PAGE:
Thankfully, a few days later, we would be screaming shouts of joy as the diagnostics revealed a far less serious situation. One that can be treated. One that isn’t life threatening. One that I wouldn’t wish on anyone but I was praying for with all my might considering the other options available.

It doesn’t take a few days in the hospital for me to realize what a unique group of people are in my daily life. And yet, I can help but marvel at our strength when we rally. By the time our friends left the hospital, their car was overflowing with food, gifts and notes of goodwill. They’d arrive home to find another casserole campaign underway, to help them get through the next few days. While I wasn’t the recipient of these great acts of kindness, I couldn’t be more thankful.

We live as though we are under deadline. We have to do lists and carpools and bills to pay and library books to return and calories to burn and coupons to cut and board meetings to organize. And yet, when you are sitting with your best friend in the emergency room, all you can think of is how completely meaningless this nonsense is. If the bed isn’t made, the garden isn’t watered, the dog isn’t brushed, the car isn’t washed, the report isn’t completed, the gym isn’t visited, but your friends and family know how much you love them? You are living a life well lived.

This journey for me needs to be less about deadlines and more about living. Already a bit of a sentimentalist, I’m making a point of reaching out to my loved ones this week to remind them how very much they mean to me. I hope you’ll join me. If there is one thing the last week has made clear — you can’t have too much love.




Bhutanese dancers

COAR Fundraiser

The organization I work for had a fundraiser last night; it gave me a chance to do what I love most — dress up, be girly and be a bit bossy, all in the name of charity of course. We hosted 75 people at a beautiful home in Paradise Valley for a bit of African drumming, dancers from Bhutan and wine from Sonoma. It was a lovely night.

COAR Fundraiser

COAR Fundraiser

Rocking out with the drummers

(Photos by Bryan Lewis)

We not only raised more than a month’s overhead, but we also had a lot of smart, well-connected, community driven people talking about refugees. A man from Bhutan spoke of how he lived for 17 years in a camp before being resettled in Arizona. We were transfixed by the emotion, the horror of life so hard to imagine from the comfort of a luxury home. Refugee students now in college wandered through the crowd talking about how our mentorship saw them through high school graduation. Board members explained to their friends why they enjoy being involved.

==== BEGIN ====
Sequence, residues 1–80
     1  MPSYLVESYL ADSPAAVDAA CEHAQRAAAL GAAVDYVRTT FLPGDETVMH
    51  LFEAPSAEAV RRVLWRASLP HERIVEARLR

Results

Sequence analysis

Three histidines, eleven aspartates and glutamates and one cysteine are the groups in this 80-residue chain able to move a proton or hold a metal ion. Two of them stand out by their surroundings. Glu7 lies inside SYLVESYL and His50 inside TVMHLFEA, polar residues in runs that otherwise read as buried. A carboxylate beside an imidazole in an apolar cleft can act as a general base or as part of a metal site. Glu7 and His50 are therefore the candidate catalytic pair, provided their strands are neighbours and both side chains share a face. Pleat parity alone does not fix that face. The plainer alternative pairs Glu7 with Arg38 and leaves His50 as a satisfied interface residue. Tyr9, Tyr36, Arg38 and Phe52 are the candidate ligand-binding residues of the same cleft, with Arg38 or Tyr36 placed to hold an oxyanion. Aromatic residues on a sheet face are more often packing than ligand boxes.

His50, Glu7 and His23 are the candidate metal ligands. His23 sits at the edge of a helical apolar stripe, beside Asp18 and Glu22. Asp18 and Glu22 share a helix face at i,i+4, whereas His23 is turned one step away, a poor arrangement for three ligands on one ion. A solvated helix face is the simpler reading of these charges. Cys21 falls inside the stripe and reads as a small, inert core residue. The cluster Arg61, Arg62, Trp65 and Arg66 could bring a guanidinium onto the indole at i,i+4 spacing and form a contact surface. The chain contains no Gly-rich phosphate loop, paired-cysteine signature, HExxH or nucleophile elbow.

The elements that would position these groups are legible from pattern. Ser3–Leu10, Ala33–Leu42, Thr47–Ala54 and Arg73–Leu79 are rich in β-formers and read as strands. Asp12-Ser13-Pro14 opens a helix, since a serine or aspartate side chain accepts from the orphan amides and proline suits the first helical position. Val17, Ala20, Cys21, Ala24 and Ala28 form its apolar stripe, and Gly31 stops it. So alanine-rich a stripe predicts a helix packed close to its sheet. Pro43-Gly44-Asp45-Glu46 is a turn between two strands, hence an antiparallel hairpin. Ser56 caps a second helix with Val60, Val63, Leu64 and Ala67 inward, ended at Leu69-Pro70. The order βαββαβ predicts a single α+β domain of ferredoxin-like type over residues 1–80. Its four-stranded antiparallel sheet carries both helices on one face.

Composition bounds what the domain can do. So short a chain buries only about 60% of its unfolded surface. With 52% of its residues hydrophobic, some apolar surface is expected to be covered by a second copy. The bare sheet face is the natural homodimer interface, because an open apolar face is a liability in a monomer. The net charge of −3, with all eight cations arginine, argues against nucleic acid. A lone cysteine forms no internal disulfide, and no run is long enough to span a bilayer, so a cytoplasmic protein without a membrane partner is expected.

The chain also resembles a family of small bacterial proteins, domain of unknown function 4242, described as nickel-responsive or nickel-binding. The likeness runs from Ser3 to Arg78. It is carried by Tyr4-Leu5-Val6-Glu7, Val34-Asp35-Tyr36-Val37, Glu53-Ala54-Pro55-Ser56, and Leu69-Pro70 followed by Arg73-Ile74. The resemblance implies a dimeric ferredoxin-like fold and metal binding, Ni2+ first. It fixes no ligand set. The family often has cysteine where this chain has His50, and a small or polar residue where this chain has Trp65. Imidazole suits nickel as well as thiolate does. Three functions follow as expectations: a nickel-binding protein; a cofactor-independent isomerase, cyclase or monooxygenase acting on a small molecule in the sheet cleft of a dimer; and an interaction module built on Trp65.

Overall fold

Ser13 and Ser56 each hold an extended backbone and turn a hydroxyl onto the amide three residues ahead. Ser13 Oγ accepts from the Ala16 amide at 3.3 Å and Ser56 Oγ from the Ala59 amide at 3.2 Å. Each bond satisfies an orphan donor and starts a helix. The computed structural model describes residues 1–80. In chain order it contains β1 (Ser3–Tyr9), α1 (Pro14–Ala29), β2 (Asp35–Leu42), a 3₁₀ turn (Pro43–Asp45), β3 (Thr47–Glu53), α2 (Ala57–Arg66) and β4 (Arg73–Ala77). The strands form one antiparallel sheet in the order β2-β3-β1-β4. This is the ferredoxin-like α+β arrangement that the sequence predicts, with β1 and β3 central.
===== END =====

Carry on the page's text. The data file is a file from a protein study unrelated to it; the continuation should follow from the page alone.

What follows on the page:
After six hours in heels, my legs are tired this morning. But my heart is happy. I hope the passion was contagious!




I saw Ree Drummond at Changing Hands last night. She spoke a bit about her new cookbook. Beforehand, over drinks with girlfriends and the cookbook, we talked about the incorporation of family (especially children) into such projects. Is it okay to put your kid’s photos online? We agreed that in this format, it was fine. She and her husband must agree and the truth is, the cookbook isn’t just recipes. It is a gorgeous view of their family and their way of life. She has so much to be proud of.


As I watched the masses swarm to hear Ree speak — truly more folks came to hear her than Jimmy Carter or Madeleine Albright’s recent visits — it dawned on me  one of the reasons she and Dooce are so incredibly well received in the blog world is because they are willing to be so vulnerable. They talk about the details of their personal lives and while I’m sure they don’t reveal all, they are comfortable taking us into their homes for a glimpse.


I’m not entirely sure where my comfort level sits on my personal life and the blog; there are times I’ve revealed enough to get a phone call from my angry little brother in Colorado (who magically must have just happened to read my “stupid blog he never reads” that day) to say, “Too much! Stop talking!” There are other times I’ve handled  crises and changes without mentioning a word because I just didn’t know how to broach the topic.

I love what this blog has provided me. More than anything, it is a daily challenge to be creative, positive and proactive in my writing. It pushes me to carry my camera nearly everywhere and to document my life in a way that previous generations would have certainly deemed vain. C’est la vie. Life changes and my skin is a bit thicker than it used to be. I can hear my friend Mini’s voice saying, “Dear, you can’t please everyone” each time I open an email or receive a comment bemoaning my views.


The title to this entry is a bit tongue in cheek. A man I had been spending time with of late recently told me I was “too domestic.” He hurled this at me in a moment of anger, one in which I wish more than anything I’d had the chance to remind him that without such an interest, he wouldn’t have eaten about a dozen requested chocolate cakes. Alas, I sat there slack jawed thinking, “Too domestic? That’s a new one.” It stung for about two seconds until I remembered I’m much better off being exactly who I am — a woman who loves to play house as much at 30 as I did at 5.